QUESTION: Okay. But my – just so you understand, my problem is that I could not, in a story today, cite you as denying that the U.S. Government may have offered the release of someone other than those five for Mr. Gross, based on your statement not to your knowledge and your response to my follow-up that you asked and I said, well, did – were you told “no,” and you didn’t answer that. So you haven’t denied the possibility that you may have offered to swap somebody else despite repeated opportunities to do so.

MS. NULAND: Let’s start this again. We believe that Alan Gross should be released. We’ve made that point to the Cubans. We’ve also made clear that we are not considering the release of any member of the Cuban Five. I am not aware of any other proposed prisoner swaps. We want the guy out of jail.

QUESTION: The – just another “is” – what the meaning of the word “is” is question, and that is you are not considering the release of any member of the Cuban Five for this, but if a Cuban Five member, say, was released from prison and was sentenced to three years of probation, say, that had to be served in the United States, technically he is not being – would you – he is not being released. But are you saying that a suggestion that that person might be allowed to serve his probation in Cuba instead of in Florida or instead of in the United States, that also is ruled out? That also is not being considered, or was not considered?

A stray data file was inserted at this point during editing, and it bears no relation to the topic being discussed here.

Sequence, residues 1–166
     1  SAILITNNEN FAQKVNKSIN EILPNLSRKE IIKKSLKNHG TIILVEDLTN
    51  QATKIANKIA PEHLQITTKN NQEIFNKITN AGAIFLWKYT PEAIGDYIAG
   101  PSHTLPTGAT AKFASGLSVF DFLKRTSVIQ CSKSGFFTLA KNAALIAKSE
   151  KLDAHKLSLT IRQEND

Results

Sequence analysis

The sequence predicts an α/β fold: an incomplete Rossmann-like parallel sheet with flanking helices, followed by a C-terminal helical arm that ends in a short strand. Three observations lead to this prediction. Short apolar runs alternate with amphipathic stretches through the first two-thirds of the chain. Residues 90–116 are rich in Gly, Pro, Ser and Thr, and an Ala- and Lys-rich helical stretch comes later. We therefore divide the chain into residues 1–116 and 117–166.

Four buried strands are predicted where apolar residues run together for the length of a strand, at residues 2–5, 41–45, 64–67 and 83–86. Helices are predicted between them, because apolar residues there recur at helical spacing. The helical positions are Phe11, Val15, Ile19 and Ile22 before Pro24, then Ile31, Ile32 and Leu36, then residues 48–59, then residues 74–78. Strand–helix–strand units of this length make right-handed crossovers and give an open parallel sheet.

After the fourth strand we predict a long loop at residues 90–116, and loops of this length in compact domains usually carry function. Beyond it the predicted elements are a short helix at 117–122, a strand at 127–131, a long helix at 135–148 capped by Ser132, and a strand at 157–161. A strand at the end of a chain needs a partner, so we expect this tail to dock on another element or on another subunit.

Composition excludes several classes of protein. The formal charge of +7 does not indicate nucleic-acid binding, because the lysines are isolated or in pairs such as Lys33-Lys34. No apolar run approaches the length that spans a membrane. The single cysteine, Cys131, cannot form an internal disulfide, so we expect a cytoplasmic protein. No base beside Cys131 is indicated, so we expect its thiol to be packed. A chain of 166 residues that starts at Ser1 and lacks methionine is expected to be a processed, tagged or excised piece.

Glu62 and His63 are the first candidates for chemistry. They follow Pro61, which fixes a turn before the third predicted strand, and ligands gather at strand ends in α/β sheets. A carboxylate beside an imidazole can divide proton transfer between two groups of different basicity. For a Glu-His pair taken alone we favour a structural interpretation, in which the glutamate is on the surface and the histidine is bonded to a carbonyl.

MS. NULAND: Again, you’re getting me into all kinds of hypotheticals and if X, then Y.

QUESTION: Well, the story that’s out today is pretty specific, that this guy – I believe his name was Gonzalez – right? – he got out of – served his time, got out and was put on probation. And the story says that the U.S. suggestion was that instead – that you would push for the courts – that the U.S. Government would push before the courts in Florida to allow him to serve his probation time in Cuba instead of in the United States. Okay? So that’s not technically a release, but it is a swap of some kind or at least an offer to. You’re saying that that is not true either?